Published by Atria Books on March 10, 2020
View Title on Goodreads
Bantering Books Rating:
Where do you see yourself in five years?
When Type-A Manhattan lawyer Dannie Cohan is asked this question at the most important interview of her career, she has a meticulously crafted answer at the ready. Later, after nailing her interview and accepting her boyfriend's marriage proposal, Dannie goes to sleep knowing she is right on track to achieve her five-year plan.
But when she wakes up, she’s suddenly in a different apartment, with a different ring on her finger, and beside a very different man. The television news is on in the background, and she can just make out the scrolling date. It’s the same night—December 15—but 2025, five years in the future.
After a very intense, shocking hour, Dannie wakes again, at the brink of midnight, back in 2020. She can’t shake what has happened. It certainly felt much more than merely a dream, but she isn’t the kind of person who believes in visions. That nonsense is only charming coming from free-spirited types, like her lifelong best friend, Bella. Determined to ignore the odd experience, she files it away in the back of her mind.
That is, until four-and-a-half years later, when by chance Dannie meets the very same man from her long-ago vision.
Brimming with joy and heartbreak, In Five Years is an unforgettable love story that reminds us of the power of loyalty, friendship, and the unpredictable nature of destiny.
Bantering Books Review
Rebecca Serle’s newest novel, In Five Years, caught me by surprise. In a couple of different ways.
First off, it’s not the story I believed it to be. I expected a romance — it’s not. Not really. It is, but it isn’t.
Secondly, I had no clue I would love it. I thought I would like it, at best. But love it? Nope. I never saw it coming.
“Where do you see yourself in five years?”
We all have had this asked of us at some point in our lives. With In Five Years, Serle seizes the age-old proverbial question and thematically runs with it.
Dannie Kohan lives strictly by the rules. Her five-year plan is meticulously outlined; every personal and professional goal is listed. To her, words such as “spontaneity” and “flexibility” do not even exist. They belong more in the world of her carefree best friend, Bella – not in Dannie’s.
Life is great. Perfect, even. And just when Dannie thinks life cannot be any better, she has the best day of her life. She nails her interview for her dream job and becomes engaged to her boyfriend, David.
That night, Dannie falls asleep contentedly on the couch, knowing her life is on track, heading in the right direction. But when she awakens, she is no longer in her apartment. She is wearing a different dress and a different ring. And there is a very different man next to her, who is most definitely not David.
Within a matter of minutes, Dannie quickly realizes she has somehow been forwarded five years into the future. But after only one hour, she awakens once again in her own home, beside David, back where she belongs.
Shaken and haunted by her remembrance of that fateful dream, Dannie is determined to forget the entire experience. She focuses instead on her five-year plan and her engagement, pushing aside all lingering memories of her potential future. That is, until the night Dannie crosses paths with the man she met in her dream, and she finds herself being uncontrollably propelled closer and closer to that one inescapable hour.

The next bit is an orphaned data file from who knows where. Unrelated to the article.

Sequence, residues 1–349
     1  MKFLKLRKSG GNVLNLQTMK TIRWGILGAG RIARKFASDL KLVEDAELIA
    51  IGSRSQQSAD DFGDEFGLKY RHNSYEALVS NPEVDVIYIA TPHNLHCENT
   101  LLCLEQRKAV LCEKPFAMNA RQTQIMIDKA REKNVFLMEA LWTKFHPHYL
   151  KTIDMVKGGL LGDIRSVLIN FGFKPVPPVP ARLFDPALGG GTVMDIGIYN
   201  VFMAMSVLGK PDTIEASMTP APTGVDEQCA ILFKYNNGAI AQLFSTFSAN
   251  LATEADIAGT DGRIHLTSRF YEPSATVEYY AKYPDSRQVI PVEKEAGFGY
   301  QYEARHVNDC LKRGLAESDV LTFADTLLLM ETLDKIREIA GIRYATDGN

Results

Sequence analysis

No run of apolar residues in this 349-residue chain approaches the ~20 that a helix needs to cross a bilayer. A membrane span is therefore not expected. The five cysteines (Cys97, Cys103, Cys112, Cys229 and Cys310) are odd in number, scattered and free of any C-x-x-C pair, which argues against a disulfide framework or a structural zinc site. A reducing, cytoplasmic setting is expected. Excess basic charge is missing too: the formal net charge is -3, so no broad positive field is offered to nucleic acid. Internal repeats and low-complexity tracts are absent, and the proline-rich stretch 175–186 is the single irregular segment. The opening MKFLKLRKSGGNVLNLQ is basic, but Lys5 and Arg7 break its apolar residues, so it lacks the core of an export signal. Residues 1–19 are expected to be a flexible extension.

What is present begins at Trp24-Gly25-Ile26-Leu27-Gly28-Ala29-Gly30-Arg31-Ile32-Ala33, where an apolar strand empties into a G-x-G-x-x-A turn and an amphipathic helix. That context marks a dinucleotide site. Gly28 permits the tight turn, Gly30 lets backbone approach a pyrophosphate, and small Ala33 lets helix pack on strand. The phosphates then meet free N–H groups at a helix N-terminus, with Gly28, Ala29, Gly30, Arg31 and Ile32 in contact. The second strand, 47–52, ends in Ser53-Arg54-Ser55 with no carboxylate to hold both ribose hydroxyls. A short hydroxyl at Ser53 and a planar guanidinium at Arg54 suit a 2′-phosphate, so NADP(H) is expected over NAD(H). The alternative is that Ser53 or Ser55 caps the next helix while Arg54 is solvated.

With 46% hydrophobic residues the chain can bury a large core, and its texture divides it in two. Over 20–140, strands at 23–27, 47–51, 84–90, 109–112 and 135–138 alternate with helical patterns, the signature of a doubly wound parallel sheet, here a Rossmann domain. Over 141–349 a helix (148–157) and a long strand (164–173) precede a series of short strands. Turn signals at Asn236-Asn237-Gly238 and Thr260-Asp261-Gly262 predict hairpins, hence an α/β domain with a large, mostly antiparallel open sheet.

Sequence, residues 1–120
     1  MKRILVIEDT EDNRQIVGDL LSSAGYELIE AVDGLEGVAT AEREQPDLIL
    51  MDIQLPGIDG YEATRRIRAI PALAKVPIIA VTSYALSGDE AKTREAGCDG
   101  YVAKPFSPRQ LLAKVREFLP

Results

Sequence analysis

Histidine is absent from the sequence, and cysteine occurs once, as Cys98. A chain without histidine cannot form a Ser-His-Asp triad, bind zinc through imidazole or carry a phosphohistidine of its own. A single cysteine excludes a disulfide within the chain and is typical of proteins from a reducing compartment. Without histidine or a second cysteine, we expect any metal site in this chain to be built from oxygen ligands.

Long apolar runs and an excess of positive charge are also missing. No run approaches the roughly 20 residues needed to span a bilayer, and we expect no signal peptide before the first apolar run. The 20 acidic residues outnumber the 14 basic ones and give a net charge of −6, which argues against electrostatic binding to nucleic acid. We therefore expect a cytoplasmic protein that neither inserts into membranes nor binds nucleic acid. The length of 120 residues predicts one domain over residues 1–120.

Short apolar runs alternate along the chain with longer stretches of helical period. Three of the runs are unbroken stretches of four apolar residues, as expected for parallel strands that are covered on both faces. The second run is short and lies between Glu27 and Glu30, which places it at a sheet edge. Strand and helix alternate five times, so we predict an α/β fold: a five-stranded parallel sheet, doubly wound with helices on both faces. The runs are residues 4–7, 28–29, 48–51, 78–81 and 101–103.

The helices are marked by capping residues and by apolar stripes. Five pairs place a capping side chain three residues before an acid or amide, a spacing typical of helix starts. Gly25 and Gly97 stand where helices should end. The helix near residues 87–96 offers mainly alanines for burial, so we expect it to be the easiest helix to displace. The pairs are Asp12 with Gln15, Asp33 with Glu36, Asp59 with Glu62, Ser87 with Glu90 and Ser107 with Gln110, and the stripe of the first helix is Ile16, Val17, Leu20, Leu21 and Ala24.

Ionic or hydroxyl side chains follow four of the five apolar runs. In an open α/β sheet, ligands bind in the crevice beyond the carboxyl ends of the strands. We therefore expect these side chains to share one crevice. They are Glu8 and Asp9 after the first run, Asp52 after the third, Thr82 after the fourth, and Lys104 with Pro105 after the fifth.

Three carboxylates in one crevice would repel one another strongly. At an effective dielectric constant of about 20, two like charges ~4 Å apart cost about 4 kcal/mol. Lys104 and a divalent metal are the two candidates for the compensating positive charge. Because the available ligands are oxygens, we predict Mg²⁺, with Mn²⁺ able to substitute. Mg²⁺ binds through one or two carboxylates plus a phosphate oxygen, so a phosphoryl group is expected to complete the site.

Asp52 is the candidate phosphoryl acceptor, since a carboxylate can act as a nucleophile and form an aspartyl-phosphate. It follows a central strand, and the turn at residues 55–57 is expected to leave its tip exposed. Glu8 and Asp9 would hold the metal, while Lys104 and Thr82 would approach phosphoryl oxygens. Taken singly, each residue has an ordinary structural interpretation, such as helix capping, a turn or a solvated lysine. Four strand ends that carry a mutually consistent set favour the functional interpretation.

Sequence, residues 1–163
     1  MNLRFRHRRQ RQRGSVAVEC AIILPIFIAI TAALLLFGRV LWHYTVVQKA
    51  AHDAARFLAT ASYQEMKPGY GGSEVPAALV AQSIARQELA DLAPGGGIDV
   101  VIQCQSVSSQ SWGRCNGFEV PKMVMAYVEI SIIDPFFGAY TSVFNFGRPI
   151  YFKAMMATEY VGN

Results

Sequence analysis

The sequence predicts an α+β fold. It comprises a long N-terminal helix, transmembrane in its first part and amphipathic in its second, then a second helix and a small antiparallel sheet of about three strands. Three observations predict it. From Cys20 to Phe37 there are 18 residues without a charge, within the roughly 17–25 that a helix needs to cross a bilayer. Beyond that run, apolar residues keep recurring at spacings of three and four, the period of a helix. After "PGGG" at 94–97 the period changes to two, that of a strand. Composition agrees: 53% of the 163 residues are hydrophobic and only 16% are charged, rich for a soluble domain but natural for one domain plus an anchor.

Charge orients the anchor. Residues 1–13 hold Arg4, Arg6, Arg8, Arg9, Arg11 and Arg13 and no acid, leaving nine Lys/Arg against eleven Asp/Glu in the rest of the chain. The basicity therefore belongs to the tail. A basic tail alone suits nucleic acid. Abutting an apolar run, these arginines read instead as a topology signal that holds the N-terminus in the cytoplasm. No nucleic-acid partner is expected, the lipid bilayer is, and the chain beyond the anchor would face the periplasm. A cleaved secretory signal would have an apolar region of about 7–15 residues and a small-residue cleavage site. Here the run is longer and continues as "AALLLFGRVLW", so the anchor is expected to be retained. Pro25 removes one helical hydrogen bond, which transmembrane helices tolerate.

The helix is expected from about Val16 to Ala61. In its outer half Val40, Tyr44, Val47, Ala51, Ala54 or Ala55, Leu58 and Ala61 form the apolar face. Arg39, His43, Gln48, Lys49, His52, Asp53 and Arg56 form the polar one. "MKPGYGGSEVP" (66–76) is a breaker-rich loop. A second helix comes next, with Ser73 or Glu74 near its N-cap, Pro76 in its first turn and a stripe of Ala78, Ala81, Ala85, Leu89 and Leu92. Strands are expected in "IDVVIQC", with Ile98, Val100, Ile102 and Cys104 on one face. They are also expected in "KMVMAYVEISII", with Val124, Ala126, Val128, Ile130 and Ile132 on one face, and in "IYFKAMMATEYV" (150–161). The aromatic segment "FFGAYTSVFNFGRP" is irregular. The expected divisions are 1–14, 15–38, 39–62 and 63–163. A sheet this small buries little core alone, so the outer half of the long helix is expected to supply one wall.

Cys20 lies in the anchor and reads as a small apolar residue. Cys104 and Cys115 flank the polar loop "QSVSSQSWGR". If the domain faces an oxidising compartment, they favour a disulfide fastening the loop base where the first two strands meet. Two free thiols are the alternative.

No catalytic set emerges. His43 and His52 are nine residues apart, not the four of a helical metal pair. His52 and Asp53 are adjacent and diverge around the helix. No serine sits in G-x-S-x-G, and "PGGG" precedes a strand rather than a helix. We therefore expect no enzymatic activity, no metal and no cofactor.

And that’s it. That’s all I’m going to give you. Because In Five Years works best if you know nothing further of the plot. The narrative takes a very unexpected turn, and if you see it coming, the profound impact of the story will be greatly lessened.
But what I will share with you is this –
The novel is utterly captivating. It is emotional and heartfelt. It is elegantly written by Serle, with prose that is beautifully sparse. Its size is slim, making for swift consumption, possibly in one sitting.
And how you will ultimately feel about the novel will likely mirror your emotional reaction to Dannie. Because none of the secondary characters are fleshed out. Not fully. At least, not enough to genuinely feel much of anything towards them. She is the anchor of the story. The foundation. She is the only one we come to truly know.
The problem is that even though we may know Dannie, it is difficult to like her. She is the Type A-est of Type As. She is selfish. Controlling. She is extremely possessive. To be honest, I didn’t care for her at all in the beginning – and I still don’t know whether I fully like her.
But by the end, I understood her. I felt empathy and compassion for her. And it proved to be enough. Albeit feeble, this appreciation of her character allowed me to be entirely immersed in the novel, my whole heart and all. As well as be emotionally wrecked by it.
All of us know that every reader experiences a novel differently. Not every person connects with every character. That said, I suspect that if you do not form a similar bond as I did with Dannie, or at the very minimum, accept her, then the novel will not be a read you will remember. It may be tedious. It will not be enjoyable.
Consider yourself lucky, however, if you do find some sort of solid footing with Dannie. Or share enough common ground with her to care. For In Five Years will move you. It will break your heart and renew it. It will bring emotion to the surface and leave rawness in its place.
And the experience will be unforgettable.